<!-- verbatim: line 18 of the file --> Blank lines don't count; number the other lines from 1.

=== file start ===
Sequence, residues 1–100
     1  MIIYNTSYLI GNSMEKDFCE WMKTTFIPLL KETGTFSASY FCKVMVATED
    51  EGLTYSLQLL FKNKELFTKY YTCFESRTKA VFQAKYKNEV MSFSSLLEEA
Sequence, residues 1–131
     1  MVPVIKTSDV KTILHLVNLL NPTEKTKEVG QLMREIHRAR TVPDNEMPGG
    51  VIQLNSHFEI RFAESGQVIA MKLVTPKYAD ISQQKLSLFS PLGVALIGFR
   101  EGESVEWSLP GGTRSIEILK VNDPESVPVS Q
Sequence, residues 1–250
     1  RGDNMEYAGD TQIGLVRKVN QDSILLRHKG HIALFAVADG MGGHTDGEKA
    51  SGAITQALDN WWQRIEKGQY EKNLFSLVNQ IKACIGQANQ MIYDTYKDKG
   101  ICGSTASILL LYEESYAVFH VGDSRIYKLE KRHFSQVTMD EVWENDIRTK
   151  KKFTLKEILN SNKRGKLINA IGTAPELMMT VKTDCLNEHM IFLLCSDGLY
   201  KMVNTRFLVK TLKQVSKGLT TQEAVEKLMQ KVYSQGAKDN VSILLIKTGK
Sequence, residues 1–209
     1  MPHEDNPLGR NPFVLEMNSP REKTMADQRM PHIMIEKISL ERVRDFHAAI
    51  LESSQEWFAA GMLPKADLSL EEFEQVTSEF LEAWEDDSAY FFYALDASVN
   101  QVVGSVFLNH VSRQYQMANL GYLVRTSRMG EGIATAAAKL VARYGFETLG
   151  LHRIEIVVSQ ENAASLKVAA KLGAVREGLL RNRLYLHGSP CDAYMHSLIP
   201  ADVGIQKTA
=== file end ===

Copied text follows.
   151  LHRIEIVVSQ ENAASLKVAA KLGAVREGLL RNRLYLHGSP CDAYMHSLIP